The Constitution of Ireland, adopted in 1937, provides that "the name of the State is Éire, or, in the English language, Ireland". Section 2 of the Republic of Ireland Act 1948 states, "It is hereby declared that the description of the State shall be the Republic of Ireland." The 1948 Act does not name the state as "Republic of Ireland", because to have done so would have put it in conflict with the Constitution. The government of the United Kingdom used the name "Eire" and, from 1949, "Republic of Ireland", for the state; as well as "Ireland", "Éire" or "the Republic of Ireland", the state is referred to as "the Republic", "Southern Ireland" or "the South". In an Irish republican context it is referred to as "the Free State" or "the 26 Counties". From the Act of Union on 1 January 1801, until 6 December 1922, the island of Ireland was part of the United Kingdom of Great Britain and Ireland. During the Great Famine, from 1845 to 1849, the island's population of over 8 million fell by 30%. One million Irish died of starvation and/or disease and another 1.5 million emigrated to the United States.
This set the pattern of emigration for the century to come, resulting in constant population decline up to the 1960s. From 1874, under Charles Stewart Parnell from 1880, the Irish Parliamentary Party gained prominence; this was firstly through widespread agrarian agitation via the Irish Land League, that won land reforms for tenants in the form of the Irish Land Acts, secondly through its attempts to achieve Home Rule, via two unsuccessful bills which would have granted Ireland limited national autonomy. These led to "grass-roots" control of national affairs, under the Local Government Act 1898, in the hands of landlord-dominated grand juries of the Protestant Ascendancy. Home Rule seemed certain when the Parliament Act 1911 abolished the veto of the House of Lords, John Redmond secured the Third Home Rule Act in 1914. However, the Unionist movement had been growing since 1886 among Irish Protestants after the introduction of the first home rule bill, fearing discrimination and loss of economic and social privileges if Irish Catholics achieved real political power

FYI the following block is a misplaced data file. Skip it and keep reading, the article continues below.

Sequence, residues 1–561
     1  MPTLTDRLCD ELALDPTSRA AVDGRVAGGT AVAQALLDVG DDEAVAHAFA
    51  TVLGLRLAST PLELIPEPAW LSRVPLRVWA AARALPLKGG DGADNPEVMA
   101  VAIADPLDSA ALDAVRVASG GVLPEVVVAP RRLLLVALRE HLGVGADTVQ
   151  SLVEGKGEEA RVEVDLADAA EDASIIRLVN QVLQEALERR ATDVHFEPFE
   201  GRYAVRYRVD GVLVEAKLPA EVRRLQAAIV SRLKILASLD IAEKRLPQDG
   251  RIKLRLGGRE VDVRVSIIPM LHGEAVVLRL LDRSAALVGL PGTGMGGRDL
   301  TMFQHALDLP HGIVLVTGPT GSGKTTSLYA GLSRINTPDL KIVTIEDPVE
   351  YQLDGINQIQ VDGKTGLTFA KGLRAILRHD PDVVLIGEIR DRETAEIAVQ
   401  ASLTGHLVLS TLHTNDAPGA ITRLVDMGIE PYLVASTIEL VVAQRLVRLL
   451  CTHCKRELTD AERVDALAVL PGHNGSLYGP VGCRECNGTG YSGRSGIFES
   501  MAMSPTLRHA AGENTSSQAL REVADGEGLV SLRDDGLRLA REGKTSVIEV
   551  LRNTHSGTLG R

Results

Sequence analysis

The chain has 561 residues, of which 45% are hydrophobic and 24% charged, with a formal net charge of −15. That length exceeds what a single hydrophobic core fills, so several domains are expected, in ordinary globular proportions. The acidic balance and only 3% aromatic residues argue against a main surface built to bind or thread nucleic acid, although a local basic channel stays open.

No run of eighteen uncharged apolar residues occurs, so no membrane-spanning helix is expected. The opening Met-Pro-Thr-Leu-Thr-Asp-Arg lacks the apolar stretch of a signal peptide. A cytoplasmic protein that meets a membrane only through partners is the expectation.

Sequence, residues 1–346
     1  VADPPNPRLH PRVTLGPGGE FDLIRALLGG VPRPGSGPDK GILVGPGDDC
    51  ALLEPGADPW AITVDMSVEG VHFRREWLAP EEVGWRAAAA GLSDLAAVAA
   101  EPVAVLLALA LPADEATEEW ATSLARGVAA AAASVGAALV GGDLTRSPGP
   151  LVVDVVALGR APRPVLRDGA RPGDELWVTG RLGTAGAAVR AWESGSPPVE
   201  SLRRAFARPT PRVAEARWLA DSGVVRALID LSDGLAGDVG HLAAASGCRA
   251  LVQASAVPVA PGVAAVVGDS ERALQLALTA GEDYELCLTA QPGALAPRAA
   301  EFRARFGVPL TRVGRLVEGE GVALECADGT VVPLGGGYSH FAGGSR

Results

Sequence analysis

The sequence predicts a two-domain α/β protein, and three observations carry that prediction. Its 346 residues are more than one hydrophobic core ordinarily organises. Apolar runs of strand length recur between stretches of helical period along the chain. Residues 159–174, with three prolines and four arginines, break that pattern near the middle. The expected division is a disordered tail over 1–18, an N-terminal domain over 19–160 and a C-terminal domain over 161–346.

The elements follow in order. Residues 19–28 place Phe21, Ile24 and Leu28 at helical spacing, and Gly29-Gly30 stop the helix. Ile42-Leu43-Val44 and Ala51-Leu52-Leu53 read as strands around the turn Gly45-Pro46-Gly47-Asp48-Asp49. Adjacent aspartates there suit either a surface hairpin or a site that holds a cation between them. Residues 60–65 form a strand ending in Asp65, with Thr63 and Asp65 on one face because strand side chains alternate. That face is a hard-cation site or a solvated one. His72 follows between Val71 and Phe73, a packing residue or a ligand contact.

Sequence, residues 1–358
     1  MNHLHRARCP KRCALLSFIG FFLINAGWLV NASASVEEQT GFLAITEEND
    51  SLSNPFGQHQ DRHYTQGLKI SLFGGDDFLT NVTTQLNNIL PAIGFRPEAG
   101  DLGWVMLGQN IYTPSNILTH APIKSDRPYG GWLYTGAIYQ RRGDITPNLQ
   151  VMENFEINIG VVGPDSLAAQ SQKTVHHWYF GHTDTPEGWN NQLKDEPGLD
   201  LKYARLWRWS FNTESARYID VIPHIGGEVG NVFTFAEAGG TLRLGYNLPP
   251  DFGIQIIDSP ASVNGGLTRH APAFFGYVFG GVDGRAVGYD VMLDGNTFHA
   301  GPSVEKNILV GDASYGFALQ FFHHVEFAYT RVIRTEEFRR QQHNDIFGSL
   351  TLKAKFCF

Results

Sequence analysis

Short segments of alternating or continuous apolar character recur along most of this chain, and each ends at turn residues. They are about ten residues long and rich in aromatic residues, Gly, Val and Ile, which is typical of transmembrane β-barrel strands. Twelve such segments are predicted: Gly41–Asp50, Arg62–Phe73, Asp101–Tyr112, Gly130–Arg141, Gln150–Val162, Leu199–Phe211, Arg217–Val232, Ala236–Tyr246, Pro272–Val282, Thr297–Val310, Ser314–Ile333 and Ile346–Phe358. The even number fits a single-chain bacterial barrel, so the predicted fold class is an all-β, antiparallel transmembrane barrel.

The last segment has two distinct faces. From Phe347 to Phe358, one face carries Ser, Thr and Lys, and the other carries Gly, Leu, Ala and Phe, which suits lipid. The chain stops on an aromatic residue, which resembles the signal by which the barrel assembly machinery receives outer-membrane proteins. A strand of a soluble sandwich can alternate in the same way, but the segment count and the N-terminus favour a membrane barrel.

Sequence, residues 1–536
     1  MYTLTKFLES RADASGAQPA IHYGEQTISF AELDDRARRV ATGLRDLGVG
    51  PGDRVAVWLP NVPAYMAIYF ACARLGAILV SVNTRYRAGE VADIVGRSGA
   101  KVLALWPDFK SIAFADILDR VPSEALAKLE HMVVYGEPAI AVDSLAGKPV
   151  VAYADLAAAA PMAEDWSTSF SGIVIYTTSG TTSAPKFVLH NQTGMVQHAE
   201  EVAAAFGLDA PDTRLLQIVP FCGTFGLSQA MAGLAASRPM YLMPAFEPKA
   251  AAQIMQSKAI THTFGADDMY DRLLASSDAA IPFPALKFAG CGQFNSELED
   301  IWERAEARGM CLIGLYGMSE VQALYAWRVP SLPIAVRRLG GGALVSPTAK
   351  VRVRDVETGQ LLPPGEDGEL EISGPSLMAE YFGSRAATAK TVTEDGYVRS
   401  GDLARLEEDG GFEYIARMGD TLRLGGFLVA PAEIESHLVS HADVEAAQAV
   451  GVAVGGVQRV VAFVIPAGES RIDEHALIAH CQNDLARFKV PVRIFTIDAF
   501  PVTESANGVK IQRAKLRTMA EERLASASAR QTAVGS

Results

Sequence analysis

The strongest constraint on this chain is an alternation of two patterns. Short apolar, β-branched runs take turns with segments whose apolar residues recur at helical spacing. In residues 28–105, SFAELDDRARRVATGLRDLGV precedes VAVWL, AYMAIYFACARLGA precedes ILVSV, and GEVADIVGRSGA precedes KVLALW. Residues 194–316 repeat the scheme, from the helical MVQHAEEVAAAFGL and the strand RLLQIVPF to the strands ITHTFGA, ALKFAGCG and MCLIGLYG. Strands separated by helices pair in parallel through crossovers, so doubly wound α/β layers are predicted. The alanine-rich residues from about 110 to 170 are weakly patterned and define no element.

The Irish diaspora refers to Irish people and their descendants who live outside the island of Ireland. The phenomenon of migration from Ireland is recorded since the Early Middle Ages, but it is only possible to quantify it from around 1700: since between 9 and 10 million people born in Ireland have emigrated; this is more than the population of Ireland at its historical peak of 8.5 million in the 1840s. The poorest of them went to Great Britain Liverpool. After 1840, emigration from Ireland became a massive and efficiently managed national enterprise. In 1890, 40% of Irish-born people were living abroad. By the 21st century, an estimated 80 million people worldwide claimed some Irish descent, which includes more than 36 million Americans who claim Irish as their primary ethnicity; as as the second half of the nineteenth century, the majority of Irish emigrants spoke Irish as their first language. This had social and cultural consequences for the cultivation of the language abroad, including innovations in journalism.